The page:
After grilling Aamir about his new home production, Dhobi Ghat, I quiz Bollywood’s top actor/filmmaker about his views on the Indian film industry and international collaborations.
In recent years there has been a relationship building between the Indian and American film industries, particularly post Slumdog Millionaire where Hollywood studios have taken an interest in Indian artists, technicians, locations and audiences. What are your thought on this development?
I don’t really have any thoughts on that. As an actor or filmmaker it doesn’t matter who writes the script or where the story is set. At the end of day what is important is that I would like to be part of films and cinema that I admire. It doesn’t matter what nationality the crew happen to be or who the actors are as long as they are talented. For me the journey of making the film is as important as the end result.
Do you ever get sent scripts from NRIs around the world?
I get scripts from Indian writers in India, NRIs and non Indians – many Americans and Europeans. I’m always open to reading scripts.
All Bollywood actors say they just want to do a film with a “good script” but Indian writers hardly ever get given enough credit and chance to develop their stories. Do you think that’s changing?
I hope that’s changing. I know I do my bit. But in terms of depth and grammar of writing there is a difference between American and European films and Indian films, which is fine. These differences should remain as it’s important that each culture and country should have its own identity in cinema and the arts.
Any international scripts come your way that you are currently interested in?
I’ve had a couple of offers in the last two to three years that I’ve been interested in, mostly from Hollywood and Europe. There was also one from the UK that I was keen on, but up until now there hasn’t been one I’ve really wanted to do. Either because of the script or filmmaker – something or other has made me decline. My criteria for doing a film, either in India or abroad, is that it has to be good.
There were rumours of you and British Director Danny Boyle working on a film together. What’s happening with that?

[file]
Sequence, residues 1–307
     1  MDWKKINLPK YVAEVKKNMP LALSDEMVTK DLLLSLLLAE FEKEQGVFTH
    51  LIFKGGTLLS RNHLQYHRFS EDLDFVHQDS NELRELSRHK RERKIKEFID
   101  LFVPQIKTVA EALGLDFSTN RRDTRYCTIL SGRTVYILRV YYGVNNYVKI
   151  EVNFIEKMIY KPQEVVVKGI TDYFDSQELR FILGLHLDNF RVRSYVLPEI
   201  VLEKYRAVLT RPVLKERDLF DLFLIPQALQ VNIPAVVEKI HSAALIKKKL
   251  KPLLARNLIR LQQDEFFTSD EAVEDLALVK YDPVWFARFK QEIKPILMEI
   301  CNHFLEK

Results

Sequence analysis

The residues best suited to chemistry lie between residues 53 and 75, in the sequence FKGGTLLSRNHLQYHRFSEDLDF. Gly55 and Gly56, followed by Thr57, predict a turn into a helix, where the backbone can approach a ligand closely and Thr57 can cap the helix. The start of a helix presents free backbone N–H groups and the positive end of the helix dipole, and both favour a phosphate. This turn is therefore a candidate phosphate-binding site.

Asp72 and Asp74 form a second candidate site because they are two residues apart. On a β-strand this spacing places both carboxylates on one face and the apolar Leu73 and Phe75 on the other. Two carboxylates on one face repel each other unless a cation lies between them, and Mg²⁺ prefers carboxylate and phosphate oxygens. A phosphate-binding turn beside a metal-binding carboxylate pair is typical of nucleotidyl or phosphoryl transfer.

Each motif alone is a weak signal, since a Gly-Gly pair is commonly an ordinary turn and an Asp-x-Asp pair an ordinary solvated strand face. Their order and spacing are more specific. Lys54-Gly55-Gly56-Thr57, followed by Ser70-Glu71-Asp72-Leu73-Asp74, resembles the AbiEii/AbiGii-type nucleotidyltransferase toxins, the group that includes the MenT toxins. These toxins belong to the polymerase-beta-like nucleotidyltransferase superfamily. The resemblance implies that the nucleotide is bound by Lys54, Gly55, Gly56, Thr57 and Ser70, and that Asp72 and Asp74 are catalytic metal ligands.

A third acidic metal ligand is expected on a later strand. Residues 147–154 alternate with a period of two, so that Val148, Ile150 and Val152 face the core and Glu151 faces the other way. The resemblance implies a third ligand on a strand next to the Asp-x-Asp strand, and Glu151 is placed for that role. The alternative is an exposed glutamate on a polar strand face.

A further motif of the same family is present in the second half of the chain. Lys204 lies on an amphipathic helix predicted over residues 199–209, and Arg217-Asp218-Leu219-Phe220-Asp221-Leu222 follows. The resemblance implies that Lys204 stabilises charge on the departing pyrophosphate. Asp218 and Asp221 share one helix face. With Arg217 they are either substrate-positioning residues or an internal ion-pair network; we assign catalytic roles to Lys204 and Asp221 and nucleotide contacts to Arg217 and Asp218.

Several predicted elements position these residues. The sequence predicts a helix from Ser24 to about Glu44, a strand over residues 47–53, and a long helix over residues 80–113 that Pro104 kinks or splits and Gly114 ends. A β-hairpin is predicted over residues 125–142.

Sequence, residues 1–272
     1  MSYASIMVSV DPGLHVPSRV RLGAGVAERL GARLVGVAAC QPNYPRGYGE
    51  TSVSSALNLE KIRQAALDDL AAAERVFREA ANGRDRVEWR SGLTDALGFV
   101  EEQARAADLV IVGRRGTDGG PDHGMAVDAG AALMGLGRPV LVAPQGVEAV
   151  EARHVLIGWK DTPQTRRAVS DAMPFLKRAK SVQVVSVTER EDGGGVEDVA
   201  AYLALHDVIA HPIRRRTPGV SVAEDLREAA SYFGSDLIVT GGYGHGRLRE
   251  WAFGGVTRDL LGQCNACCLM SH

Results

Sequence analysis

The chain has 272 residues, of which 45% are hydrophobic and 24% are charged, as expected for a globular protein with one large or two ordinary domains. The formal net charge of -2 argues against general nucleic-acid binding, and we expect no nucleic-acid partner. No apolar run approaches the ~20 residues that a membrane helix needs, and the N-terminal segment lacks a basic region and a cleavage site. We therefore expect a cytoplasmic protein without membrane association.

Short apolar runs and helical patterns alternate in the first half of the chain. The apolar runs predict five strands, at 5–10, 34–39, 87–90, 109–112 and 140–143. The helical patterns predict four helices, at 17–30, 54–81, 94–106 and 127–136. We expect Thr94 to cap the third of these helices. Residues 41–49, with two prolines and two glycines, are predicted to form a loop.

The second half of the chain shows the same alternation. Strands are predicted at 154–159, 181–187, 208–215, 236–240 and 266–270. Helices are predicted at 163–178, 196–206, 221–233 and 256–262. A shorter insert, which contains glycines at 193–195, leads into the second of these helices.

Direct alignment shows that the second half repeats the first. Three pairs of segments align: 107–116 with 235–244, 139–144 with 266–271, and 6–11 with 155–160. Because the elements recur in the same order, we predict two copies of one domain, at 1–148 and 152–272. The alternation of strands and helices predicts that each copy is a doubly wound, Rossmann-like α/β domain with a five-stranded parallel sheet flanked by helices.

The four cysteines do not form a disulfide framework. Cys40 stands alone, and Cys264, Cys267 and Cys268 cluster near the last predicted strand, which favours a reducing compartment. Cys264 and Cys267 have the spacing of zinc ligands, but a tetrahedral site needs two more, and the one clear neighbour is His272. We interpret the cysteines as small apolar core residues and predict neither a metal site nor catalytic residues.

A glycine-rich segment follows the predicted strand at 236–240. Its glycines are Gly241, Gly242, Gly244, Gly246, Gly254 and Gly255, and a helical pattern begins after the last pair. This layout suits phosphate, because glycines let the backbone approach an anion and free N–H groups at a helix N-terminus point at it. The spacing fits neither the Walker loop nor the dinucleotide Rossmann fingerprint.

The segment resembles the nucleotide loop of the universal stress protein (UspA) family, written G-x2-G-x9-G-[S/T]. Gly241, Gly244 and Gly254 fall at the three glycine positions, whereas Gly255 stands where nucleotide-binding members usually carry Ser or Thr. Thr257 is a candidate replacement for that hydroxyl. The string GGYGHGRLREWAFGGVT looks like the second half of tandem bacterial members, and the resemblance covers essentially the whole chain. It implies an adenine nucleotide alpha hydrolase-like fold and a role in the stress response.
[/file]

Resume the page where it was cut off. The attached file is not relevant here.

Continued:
There is a story set in Mumbai that Danny may be producing that we talked about, but I haven’t seen a script for it yet.
Indian cinema seems to be in love with special effects right now. Ever felt the need to do a big 3D special effect superhero style film?
These days it’s quite inorganic, where someone may say ‘Look I’m a big star and I want to do a superhero or action film, so Mr so and so write me an action film. That’s not how I work. I don’t approach films and look at them in terms of whether they I have done them before or not. I know I haven’t done a special effects film or mix of live action with animation but that’s not how I work. I just want films to happen organically, because of the passion of a writer, director or a story. Once I have that then I can get involved with it. If it excites me then that’s what makes me do it.
You’ve achieved so much in your career. Any film related desires that remain unfulfilled?
I don’t know about specifics but there is a lot that I can still do. I know I have been very successful in the last 10-15 years but that’s not what it’s all about. You can be successful and unfulfilled. As an actor there’s still a lot I can learn and do for myself.
As a filmmaker I’ve produced a few but only made one as a director so there’s still plenty of scope there. Each film has different dynamic and just want to be part of good cinema.
If I bought you a cinema ticket and you had a few hours to spare, what kind of film would you go see?
I like all kinds of films, no one genre. Off beat Indies, comedies, dramas, historicals, action films and documentaries. In fact I love documentaries. So long as it communicates something and engages me emotionally or intellectually.
In your opinion do Indian films really ever engage audiences intellectually?
Some of them do. But that’s not only true for Indian cinema it’s true for any cinema coming out of any other part of the world. Films don’t always engage people on a higher level. It’s predominantly basic entertainment.